Why We Added Leucadia National To Our Portfolio

The model's most recent purchase was Leucadia National Corporation (LUK). LUK is somewhat similar to Berkshire (BRK.A) Hathaway, although much less well known. Like Berkshire, LUK has a succession issue because the chairman is 71 years old.

The planned merger of Jefferies & Co. (JEFF), is a big step towards resolving that issue. Jefferies is a stock brokerage firm catering to institutional investors. "In connection with the merger, Jefferies current Chief Executive Officer and current Executive Committee Chairman will become the new Chief Executive Officer and new President, respectively, of the Company,"  according to LUK.

The merger is, however, subject to the typical regulatory approval process. Plans have been made to spin off LUK's Crimson wine division to shareholders because disposal of it was a precondition to the merger.

LUK and Berkshire have a joint venture in the commercial real estate mortgage business called Berkcadia. While that is not exactly a similarity, it does encourage me to compare the two. Both are highly diverse enterprises. The industry diversity makes analysis by Wall Street Stock Analysts a difficult proposition.

LUK invests in enterprises that seem risky at first glance.  For example, "Sangart is a development stage company that does not have any revenues from product sales," according to LUK. It is working on bringing a drug used in trauma treatment to market. Sangart completed the stage 2a clinical trial and is embarking on the 2b, that will be followed by the stage 3 clinical trial if the 2b is successful.

All of these activities are a big cash drain with an uncertain payback. Despite potentially favorable income tax ramifications, it is doubtful that Berkshire would be a backer of such a venture.  Interestingly enough, LUK invested another $50 million in Sangart in May 2012.

National Beef is another large operation for LUK that was acquired in December 2011. There are barriers to entry into the meat packing industry, but there is not much of a brand identification. In the case of National Beef, their Kansas City Steak subsidiary has a brand name asset.

To illustrate the vagaries of a commodity type business, National Beef lost its contract to supply case ready beef to Wal-Mart (WMT). That one will not be easy to replace. Luckily, case ready meats are but 7% of National Beef's business.

Another commodity type business is Idaho Timber, whose results are strongly tied to the housing market. Another company, Conwed Plastics, manufacturers plastic netting like the netting used in landscaping. "The primary raw material in Conwed Plastics' products is a polypropylene resin, which is a byproduct of the oil refining process, whose price has historically fluctuated with the price of oil,” according to LUK.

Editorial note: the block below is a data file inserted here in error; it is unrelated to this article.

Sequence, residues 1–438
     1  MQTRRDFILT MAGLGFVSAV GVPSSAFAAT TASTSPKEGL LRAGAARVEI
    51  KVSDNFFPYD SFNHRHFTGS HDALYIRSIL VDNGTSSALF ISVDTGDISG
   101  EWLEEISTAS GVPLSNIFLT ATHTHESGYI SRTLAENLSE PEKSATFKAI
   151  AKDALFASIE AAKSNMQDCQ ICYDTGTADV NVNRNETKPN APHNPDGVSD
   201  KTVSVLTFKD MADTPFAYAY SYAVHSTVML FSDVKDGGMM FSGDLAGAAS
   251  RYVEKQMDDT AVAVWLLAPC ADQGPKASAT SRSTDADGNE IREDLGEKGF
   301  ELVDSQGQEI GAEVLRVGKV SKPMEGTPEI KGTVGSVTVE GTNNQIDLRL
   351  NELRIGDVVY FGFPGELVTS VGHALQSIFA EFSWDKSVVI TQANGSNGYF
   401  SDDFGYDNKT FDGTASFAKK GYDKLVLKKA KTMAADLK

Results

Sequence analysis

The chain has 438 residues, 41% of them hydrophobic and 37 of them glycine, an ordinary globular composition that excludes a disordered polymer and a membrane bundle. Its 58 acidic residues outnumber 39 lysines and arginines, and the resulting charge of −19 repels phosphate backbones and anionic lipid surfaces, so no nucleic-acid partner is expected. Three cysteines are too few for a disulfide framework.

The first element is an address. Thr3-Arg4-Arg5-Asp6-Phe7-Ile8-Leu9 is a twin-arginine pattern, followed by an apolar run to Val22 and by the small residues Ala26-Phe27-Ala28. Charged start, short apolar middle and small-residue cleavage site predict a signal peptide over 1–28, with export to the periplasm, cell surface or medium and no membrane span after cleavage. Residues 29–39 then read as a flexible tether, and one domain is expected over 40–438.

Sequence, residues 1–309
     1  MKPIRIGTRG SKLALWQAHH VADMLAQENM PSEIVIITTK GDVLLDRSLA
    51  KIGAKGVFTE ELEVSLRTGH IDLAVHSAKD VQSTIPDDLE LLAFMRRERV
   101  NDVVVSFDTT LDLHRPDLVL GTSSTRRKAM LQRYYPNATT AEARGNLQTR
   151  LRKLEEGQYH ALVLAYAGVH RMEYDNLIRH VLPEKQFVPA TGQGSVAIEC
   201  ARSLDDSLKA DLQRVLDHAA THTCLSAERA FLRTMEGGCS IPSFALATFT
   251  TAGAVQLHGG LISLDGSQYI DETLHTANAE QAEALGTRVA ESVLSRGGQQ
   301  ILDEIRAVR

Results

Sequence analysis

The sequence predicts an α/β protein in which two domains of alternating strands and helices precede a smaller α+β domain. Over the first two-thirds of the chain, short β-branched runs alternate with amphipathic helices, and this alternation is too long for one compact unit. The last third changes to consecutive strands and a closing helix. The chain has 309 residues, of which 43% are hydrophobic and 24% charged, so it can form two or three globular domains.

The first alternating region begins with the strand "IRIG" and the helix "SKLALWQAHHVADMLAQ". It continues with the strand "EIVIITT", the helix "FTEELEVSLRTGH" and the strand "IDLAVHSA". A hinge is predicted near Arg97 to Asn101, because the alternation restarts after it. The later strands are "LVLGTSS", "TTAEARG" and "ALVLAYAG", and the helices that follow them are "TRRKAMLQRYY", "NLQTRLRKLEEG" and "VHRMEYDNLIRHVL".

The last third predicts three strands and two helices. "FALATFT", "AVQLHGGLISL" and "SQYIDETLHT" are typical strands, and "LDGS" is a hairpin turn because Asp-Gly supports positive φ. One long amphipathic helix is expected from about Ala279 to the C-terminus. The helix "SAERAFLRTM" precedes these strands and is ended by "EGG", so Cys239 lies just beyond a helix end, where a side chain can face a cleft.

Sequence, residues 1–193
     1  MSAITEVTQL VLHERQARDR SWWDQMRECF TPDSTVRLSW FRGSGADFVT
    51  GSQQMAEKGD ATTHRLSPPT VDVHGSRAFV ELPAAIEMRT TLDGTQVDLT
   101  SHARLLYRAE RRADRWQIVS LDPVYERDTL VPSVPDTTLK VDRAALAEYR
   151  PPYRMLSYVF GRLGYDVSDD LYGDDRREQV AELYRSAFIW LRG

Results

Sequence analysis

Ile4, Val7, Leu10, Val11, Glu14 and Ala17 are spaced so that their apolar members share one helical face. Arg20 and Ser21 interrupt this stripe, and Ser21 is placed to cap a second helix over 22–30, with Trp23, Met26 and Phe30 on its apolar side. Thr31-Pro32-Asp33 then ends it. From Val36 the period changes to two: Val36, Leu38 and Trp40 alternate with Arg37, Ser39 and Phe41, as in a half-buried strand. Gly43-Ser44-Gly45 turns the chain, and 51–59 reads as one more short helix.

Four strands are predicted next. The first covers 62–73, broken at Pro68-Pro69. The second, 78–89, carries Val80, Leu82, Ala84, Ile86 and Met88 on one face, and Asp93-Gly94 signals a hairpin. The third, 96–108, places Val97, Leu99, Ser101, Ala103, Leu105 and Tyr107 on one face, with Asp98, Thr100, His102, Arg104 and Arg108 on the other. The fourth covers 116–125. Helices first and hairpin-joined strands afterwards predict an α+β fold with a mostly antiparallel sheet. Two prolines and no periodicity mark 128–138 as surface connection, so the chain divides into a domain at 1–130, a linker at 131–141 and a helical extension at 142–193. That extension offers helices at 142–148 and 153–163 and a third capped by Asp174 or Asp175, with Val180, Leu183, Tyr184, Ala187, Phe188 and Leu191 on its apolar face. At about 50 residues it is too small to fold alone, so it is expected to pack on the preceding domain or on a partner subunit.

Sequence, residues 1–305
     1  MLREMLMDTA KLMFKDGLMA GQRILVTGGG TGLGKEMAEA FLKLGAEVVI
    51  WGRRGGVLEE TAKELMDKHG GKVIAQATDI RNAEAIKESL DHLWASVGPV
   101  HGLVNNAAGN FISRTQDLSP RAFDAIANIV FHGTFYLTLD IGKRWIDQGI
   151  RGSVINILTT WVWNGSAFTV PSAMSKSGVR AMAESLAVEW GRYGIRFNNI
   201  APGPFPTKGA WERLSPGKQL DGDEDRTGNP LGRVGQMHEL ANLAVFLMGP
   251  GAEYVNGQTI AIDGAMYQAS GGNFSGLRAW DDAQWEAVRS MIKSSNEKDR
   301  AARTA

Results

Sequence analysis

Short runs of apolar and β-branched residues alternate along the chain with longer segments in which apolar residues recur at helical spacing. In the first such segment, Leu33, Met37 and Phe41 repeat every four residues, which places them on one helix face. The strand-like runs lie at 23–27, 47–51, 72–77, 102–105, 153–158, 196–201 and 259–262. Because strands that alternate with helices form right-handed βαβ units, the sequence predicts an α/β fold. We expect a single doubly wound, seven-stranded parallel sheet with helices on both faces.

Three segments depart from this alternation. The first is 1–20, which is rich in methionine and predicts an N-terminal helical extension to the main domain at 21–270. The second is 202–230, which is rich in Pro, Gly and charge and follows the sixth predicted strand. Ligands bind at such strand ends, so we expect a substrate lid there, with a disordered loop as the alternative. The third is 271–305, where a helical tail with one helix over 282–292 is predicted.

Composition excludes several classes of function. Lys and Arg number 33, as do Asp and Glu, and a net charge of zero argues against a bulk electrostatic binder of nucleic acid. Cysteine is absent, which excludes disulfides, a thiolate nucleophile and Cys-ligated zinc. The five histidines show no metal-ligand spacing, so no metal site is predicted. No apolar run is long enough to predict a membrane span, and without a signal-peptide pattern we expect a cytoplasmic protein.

In my opinion, an interesting business whose fortunes could be better this year than a year or so ago is Garcadia Holdings, LLC.  Garcadia buys distressed automobile dealerships and turns them around. Fortunately, of their 19 dealerships, only one is a Fiat dealer. LUK’s distributions from Garcadia have moved upward for the past three years.

LUK is involved in the hotel and gaming business with its Premier division that owns and operates the Hard Rock Hotel and Casino in the Gulf Coast area of Mississippi. The casino business was negatively impacted by the recession, but appears to be getting better.

LUK owns 31.4% of the outstanding common stock of HomeFed (HOFD), a publicly traded company on the NASDAQ OTC Bulletin Board.  HomeFed is engaged in the investment in and development of residential real estate projects in California.  As of December 31, 2012 LUK's net investment in the domestic real estate segment was $262 million, according to LUK.

Some of these properties are as follows:  a large scale mixed-use development project in Panama City, Florida, $56 million, a substantially developed large scale mixed-use development project in Myrtle Beach, South Carolina, $31 million, 73 acres used by Garcadia, the automobile dealership joint venture, $56 million.

To round out the picture there are 76 acres of land on the island of Islesboro, Maine that are approved for 13 residential waterfront lots,  and 45 fully developed residential lots on approximately 120 acres of land located in Rockport, Maine on Penobscot Bay, $45 million in the aggregate. Finally LUK owns a 15 acre unentitled air rights parcel above the train tracks behind Union Station in Washington, D. C., $12 million.

A substantial portion of LUK's businesses are tied to the economy, and to the real estate and homebuilding industry, in particular. Housing related stocks have been doing quite well, in my opinion, over the last several months.

In my opinion, LUK has some catching up to do. A very important issue related to investment in LUK is its similarity to Berkshire Hathaway, in my view. It pays no cash dividends. It is a capital allocator in the same way that Berkshire is.

LUK does not, however, enjoy the ability to borrow money at the low rates available to Berkshire. LUK recently redeemed some outstanding bonds that carried a coupon of around 7%.  Nor does LUK have the ability to deploy capital from its insurance subsidiaries.

The investments discussed are held in client accounts as of March 28, 2013. These investments may or may not be currently held in client accounts. The reader should not assume that any investments identified were or will be profitable or that any investment recommendations or investment decisions we make in the future will be profitable.

James Roberts

James Roberts

I worked for a micro-cap value hedge fund as a research analyst for 8 years and then opted for semi-retirement